Moment editor-in-chief Nadine Epstein calls on the Jewish community to tackle anti-Semitism and COVID-19 at the same time by using the freedom of virtual seders to invite people of other faiths to join.
“We’ve all watched in dismay as anti-Semitism and the coronavirus have converged in new variations of old conspiracy theories, Epstein says. “Including people from outside the Jewish community in our seders can combat both these scourges in one fell swoop. We can inoculate present and future generations against the dangerous virus of anti-Semitism. Seders are all about learning and education is the best defense against all kinds of prejudices. They are a great teaching moment.”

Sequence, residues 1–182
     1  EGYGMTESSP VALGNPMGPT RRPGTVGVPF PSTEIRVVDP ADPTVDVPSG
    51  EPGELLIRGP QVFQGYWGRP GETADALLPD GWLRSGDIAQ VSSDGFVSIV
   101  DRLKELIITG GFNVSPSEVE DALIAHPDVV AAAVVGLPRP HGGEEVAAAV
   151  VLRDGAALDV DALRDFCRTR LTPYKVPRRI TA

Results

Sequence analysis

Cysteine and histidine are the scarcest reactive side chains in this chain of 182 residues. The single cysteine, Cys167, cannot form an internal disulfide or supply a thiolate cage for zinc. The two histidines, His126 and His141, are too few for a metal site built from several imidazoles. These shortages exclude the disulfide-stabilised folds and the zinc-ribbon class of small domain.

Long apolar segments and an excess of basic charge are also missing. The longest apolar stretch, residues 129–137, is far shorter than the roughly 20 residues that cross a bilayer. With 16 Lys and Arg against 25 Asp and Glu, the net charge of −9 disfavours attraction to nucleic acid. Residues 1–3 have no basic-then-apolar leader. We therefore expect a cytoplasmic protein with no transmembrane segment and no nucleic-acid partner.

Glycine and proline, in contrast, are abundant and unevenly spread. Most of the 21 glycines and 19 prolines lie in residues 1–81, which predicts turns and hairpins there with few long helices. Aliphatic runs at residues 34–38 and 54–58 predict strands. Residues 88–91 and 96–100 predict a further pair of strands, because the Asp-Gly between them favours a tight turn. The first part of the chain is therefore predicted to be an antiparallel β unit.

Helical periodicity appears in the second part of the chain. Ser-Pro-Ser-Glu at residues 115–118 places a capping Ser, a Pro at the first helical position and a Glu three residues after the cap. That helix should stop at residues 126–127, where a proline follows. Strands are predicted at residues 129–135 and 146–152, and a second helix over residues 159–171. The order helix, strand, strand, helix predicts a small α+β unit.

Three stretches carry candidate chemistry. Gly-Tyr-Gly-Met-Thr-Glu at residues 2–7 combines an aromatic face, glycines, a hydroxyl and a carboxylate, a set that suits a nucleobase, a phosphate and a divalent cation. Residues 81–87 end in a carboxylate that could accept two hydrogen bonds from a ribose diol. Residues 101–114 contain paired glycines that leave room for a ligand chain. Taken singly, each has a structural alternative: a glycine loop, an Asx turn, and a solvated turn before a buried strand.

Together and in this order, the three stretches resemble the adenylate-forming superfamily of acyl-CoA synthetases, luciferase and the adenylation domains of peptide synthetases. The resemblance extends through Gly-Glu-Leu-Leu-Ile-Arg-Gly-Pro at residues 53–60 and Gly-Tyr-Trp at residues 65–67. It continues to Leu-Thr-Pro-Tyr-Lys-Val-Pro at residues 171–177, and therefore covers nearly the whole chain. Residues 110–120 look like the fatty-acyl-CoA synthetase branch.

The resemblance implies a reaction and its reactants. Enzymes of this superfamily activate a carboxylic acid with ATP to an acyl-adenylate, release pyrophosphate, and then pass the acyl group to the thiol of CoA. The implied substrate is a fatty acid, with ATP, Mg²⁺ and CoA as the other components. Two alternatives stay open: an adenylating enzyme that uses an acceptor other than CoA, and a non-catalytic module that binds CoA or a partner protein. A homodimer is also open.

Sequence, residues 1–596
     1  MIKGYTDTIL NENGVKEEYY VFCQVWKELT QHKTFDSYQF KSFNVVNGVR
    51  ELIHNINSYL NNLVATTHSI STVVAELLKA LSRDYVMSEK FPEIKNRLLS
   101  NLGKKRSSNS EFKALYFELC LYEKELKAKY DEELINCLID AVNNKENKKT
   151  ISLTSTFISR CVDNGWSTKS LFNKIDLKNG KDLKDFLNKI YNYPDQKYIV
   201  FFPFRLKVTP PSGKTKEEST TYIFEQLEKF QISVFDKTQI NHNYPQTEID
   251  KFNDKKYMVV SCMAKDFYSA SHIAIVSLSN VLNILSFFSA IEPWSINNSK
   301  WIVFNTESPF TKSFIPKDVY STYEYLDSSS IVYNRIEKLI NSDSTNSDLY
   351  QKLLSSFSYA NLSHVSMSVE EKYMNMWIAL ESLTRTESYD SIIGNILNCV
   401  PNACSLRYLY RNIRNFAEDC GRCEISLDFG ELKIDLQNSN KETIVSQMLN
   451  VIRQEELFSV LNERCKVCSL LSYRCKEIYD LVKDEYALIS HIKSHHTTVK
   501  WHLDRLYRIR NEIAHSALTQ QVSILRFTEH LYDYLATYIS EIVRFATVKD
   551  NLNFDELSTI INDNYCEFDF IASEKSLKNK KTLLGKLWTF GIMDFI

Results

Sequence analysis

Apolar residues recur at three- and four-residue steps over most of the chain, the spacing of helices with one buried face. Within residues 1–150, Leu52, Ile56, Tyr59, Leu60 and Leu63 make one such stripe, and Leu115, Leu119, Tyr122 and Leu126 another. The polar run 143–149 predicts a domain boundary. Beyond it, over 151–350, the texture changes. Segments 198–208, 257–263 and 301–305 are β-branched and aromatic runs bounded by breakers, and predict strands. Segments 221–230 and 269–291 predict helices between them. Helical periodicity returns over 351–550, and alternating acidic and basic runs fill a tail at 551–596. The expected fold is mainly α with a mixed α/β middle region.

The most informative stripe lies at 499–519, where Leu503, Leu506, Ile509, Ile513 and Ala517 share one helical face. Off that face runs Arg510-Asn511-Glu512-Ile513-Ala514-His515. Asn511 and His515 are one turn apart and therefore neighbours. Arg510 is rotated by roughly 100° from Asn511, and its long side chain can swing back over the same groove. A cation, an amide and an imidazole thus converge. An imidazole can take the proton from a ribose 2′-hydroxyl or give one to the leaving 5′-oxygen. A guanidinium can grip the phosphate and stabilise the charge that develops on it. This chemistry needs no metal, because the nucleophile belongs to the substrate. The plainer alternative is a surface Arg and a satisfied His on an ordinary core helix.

In some Jewish circles, these invitations remain rare due to a combination of custom based on centuries-old rabbinical rulings that effectively banned Jews from cooking for people who do not observe Passover traditions. And while today most American rabbis wouldn’t censure their congregants for such inclusivity, many Jewish families don’t think about inviting people from other faiths.
But doing so can make a difference. If two million Jewish families invite non-Jewish friends and acquaintances to their seders in 2021, as many as six million people could experience the meaning of Passover. “The seder transports us back to the time when we were slaves, who fought for and won our freedom, a universal theme,” says Epstein. “Reaching out to connect to others to our history in a safe way has never been more important.”
“So go forth and invite,” adds Epstein. “It’s a small action that can make a big difference, now and for future generations.”
To provide guidance for virtual seders, you can download Moment’s free Haggadah supplement: “The Seder Has Always Been Virtual ” downloaded for free.